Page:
Document Type

Article

Publication Date

March 2007

Comments

This article has been peer reviewed. It was published in Family Medicine 39(3):171-177, March 2007, available on the publisher's site at http://www.stfm.org/fmhub/fm2007/toc.cfm?xmlFileName=fammedvol39issue3.xml. Copyright by The Society of Teachers of Family Medicine; reproduced in the Jefferson Digital Commons by permission.

Abstract

BACKGROUND AND OBJECTIVES: Family medicine faces declining student interest and funding. Predoctoral directors will help lead efforts to overcome these challenges. Academic success will be important for predoctoral directors to be effective leaders in academic health centers. We therefore sought to describe predoctoral directors and factors associated with their academic success.

METHODS: We carried out a cross-sectional survey of all family medicine predoctoral directors at US allopathic medical schools using a Web-based questionnaire. The response rate was 82%. We measured academic success using a variable combining rank and tenure status. We used bivariate analysis and multiple linear regression analysis to identify factors associated with academic success.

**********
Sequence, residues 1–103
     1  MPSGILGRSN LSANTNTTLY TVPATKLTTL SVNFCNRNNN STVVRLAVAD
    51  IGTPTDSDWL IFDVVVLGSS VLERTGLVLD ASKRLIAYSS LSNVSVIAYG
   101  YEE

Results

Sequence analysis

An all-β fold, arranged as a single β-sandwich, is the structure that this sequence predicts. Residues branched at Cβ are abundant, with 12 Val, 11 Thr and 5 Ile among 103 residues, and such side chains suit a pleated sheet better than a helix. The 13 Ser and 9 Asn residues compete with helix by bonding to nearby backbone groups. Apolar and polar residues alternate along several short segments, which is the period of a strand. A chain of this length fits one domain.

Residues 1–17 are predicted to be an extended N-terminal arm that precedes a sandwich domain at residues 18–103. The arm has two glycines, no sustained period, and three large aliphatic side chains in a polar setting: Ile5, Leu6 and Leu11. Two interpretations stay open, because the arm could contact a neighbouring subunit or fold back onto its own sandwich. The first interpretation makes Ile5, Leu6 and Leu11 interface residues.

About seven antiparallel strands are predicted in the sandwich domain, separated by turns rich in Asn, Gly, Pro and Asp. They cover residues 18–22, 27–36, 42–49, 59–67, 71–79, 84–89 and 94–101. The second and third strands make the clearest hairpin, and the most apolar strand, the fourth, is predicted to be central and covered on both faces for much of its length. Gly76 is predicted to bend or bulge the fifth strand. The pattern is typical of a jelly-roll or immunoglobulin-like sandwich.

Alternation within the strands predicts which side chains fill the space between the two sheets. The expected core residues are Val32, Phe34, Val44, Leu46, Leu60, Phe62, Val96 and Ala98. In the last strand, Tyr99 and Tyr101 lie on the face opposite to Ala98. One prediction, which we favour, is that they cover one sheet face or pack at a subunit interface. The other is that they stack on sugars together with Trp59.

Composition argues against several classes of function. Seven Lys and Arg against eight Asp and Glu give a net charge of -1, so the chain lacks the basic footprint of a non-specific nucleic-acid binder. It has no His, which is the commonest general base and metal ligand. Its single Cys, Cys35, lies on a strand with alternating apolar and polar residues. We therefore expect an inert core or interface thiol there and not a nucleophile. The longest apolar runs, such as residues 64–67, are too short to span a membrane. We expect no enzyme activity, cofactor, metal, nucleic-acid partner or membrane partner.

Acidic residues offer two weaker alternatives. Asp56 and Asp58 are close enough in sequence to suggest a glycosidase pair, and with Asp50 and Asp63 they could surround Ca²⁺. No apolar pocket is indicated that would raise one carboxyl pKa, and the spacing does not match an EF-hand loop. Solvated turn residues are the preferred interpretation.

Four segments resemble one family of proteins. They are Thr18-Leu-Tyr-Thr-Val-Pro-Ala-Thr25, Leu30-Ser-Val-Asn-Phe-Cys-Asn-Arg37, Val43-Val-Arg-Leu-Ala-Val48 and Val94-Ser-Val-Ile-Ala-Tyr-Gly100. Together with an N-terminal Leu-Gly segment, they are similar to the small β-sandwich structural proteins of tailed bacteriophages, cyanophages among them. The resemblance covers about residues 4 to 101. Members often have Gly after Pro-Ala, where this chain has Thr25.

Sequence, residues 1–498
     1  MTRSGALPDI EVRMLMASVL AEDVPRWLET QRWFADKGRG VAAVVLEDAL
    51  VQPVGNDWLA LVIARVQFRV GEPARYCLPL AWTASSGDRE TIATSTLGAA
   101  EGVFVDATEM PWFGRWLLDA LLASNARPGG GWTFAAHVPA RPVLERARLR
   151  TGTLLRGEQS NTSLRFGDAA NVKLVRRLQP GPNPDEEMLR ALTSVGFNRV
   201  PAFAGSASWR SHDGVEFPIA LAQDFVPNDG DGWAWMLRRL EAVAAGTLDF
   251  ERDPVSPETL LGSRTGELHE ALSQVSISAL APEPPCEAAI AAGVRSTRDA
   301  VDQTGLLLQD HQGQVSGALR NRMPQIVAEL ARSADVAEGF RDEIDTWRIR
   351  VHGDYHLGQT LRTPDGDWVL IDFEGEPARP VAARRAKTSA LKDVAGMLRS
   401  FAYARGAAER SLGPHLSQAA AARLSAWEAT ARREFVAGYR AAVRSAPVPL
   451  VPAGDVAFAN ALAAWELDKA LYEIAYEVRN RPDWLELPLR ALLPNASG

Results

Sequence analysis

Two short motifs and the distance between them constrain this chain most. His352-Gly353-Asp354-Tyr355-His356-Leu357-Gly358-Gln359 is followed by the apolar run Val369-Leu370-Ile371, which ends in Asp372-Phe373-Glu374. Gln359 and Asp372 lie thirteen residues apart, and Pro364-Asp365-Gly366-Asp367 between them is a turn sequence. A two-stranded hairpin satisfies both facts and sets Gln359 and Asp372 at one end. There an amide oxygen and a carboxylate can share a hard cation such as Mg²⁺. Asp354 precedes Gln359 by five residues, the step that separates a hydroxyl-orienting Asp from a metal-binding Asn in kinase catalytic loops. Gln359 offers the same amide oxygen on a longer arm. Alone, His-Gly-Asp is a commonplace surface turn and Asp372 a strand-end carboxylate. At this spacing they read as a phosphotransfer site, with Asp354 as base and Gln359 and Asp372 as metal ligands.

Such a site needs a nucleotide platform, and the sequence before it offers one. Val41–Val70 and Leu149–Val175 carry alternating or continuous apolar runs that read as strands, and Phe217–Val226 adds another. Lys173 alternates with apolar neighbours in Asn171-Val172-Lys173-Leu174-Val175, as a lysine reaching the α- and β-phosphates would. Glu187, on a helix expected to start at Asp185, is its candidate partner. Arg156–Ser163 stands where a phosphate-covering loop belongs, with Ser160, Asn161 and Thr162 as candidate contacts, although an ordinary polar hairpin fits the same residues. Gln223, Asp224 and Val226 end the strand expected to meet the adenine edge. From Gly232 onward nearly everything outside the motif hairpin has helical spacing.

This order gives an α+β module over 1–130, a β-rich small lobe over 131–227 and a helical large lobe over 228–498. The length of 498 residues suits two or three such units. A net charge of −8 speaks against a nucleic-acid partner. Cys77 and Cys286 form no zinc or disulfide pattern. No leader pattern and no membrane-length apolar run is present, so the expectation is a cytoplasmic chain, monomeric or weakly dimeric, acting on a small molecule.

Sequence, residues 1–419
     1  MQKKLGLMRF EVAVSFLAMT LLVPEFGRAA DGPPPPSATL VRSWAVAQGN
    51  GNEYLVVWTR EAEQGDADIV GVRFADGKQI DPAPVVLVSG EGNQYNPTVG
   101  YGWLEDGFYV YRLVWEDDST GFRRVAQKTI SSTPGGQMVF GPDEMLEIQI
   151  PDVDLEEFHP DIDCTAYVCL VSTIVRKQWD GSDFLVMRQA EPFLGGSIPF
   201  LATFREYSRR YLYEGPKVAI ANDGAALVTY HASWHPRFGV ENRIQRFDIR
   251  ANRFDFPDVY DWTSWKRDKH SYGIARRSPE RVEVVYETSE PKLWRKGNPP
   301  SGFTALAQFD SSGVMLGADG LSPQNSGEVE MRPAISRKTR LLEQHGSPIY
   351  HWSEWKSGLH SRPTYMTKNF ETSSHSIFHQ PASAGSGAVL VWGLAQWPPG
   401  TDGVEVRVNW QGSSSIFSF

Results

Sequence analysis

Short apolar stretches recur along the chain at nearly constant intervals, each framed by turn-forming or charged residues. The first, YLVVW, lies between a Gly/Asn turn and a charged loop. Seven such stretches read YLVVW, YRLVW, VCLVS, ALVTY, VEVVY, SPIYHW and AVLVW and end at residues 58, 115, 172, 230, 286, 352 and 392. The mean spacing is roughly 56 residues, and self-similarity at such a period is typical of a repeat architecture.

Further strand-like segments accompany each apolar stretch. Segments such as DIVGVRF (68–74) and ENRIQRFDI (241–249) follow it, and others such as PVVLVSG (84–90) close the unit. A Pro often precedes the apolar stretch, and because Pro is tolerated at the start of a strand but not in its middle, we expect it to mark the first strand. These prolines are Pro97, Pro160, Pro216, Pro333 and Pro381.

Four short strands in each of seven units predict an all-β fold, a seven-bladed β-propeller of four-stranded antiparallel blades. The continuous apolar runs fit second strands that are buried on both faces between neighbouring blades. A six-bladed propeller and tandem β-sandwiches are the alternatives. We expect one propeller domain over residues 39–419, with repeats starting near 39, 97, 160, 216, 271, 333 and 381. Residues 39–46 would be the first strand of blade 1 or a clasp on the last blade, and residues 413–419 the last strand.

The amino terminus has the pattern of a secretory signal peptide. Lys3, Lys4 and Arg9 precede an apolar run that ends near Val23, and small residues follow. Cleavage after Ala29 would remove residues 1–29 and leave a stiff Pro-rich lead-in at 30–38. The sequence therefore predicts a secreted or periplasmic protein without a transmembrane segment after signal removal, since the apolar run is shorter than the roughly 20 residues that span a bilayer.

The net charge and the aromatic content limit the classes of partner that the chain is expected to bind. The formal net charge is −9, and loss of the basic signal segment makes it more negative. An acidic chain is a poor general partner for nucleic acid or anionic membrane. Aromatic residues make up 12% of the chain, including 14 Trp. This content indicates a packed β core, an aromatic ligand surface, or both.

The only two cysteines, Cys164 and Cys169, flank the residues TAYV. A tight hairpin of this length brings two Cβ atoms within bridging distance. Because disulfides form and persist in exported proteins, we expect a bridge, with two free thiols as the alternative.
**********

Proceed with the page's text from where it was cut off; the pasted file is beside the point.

RESULTS: The mean age of predoctoral directors is 47, and 45% are women. Forty-two percent are assistant professors, 36% associate professors, 20% full professors, and 33% are on a tenure track. Sixty-four percent of predoctoral programs receive Title VII funding, and 63% of predoctoral directors believe that loss of Title VII funding will adversely affect student education. Factors associated with academic success include years since residency, total publications, years as predoctoral director, male gender, state funding for predoctoral family medicine programs, and participation in an academic fellowship. Involvement in educational research was associated with number of publications.

CONCLUSIONS: Providing predoctoral directors with the skills and support needed to study their educational undertakings and publish their findings may help them achieve academic success. Medical educators must assess the effects of loss of Title VII funding on predoctoral education while seeking new sources of funding.